I would like to rescue data on my software raid-6 array. I did some stupid actions (described bellow) with this original array.
I need to know if original data stored on raid-6 array are definitely lost (or not) after the following actions have been prepared upon this array (executed in the order listed bellow):
zeroing super-blocks of all the active disks/partitions registered in the array
executing the "mdadm --create ..." command using different options (see bellow for list) than have been used when array have been created originally: -> different chunk size -> different layout -> different disks order
resync-ing the array
Note: Specific values of mdadm parameters should not be relevant here, since this is about the principle how mdadm works ...
I think points 1) & 2) should not even touch the original data since they are supposed to manipulate just superblocks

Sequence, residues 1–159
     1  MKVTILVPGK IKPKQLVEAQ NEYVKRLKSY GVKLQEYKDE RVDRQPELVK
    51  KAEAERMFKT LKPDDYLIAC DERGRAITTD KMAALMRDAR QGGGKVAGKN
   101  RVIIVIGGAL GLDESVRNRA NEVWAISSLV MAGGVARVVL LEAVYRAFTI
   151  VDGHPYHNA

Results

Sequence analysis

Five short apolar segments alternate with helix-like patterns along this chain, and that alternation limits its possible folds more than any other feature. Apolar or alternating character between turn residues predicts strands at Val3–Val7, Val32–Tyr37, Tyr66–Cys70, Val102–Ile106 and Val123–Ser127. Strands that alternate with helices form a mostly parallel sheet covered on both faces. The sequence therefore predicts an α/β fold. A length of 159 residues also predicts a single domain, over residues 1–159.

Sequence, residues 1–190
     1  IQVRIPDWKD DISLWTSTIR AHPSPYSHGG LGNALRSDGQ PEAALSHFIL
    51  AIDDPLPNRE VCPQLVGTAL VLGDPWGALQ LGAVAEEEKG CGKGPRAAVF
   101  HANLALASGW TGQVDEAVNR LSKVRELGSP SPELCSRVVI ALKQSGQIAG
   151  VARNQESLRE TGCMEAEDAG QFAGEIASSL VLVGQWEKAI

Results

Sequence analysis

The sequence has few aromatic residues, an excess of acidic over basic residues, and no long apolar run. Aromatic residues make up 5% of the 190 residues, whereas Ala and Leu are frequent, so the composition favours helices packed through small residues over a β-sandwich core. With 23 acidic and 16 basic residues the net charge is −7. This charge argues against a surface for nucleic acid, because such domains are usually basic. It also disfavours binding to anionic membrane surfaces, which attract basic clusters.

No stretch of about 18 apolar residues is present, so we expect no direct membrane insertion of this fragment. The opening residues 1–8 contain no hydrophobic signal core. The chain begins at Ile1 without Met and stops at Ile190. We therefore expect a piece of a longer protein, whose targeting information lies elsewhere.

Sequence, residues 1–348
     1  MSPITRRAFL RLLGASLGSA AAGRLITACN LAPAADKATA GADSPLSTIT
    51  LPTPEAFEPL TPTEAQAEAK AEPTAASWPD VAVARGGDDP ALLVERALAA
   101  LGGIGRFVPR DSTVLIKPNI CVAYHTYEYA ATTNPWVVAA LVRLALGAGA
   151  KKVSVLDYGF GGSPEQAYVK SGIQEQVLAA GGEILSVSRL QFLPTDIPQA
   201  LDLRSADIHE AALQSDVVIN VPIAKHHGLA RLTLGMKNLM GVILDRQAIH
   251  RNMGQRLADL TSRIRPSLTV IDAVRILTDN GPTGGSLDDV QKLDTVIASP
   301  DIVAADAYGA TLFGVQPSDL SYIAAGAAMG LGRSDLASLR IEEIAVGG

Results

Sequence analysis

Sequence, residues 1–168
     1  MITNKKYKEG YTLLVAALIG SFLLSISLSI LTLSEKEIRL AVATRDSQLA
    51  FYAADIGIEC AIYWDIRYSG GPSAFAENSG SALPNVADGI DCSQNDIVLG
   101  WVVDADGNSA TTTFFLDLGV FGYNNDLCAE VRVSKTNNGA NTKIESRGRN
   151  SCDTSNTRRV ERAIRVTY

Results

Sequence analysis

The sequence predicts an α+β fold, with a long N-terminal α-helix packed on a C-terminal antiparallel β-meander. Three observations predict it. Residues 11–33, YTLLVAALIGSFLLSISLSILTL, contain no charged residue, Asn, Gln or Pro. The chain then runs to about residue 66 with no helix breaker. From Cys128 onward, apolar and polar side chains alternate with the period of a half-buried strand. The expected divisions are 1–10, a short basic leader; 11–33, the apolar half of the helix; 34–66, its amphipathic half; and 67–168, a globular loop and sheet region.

I see the 3) point as most critical from data lost point of view: I'm not sure what exactly is happening with array during resync, but based on heavy activity of all involved hard drives (for ~7 hours) I assume the data storage area is completely re-processed ...
Does ordering of hard drives/partitions (as they are ordered on mdadm command line) play role for raid6 creation & initial resync?
What everything is necessary to backup after array creation to be able to safely re-create the array in similar situation as my is (e.g. backup superblocks informations & partition table info for each disk involved in the array ...)?
The mdadm wiki article (http://en.wikipedia.org/wiki/Mdadm) should be revised and author should be kicked in to ass a little bit, or more then just a little bit ...
The article mentions the zeroing superblocks & subsequent array re-creation as solution for getting rid of the "mdadm: Cannot open ...: Device or resource busy" issue.
Author somehow forgot to mention important step - to backup the parameters the original array (superblocks) as the first step ... and also my investigation seems to point out that the ordering of the involved disks/partitions plays role as well ...
Thanks for answers,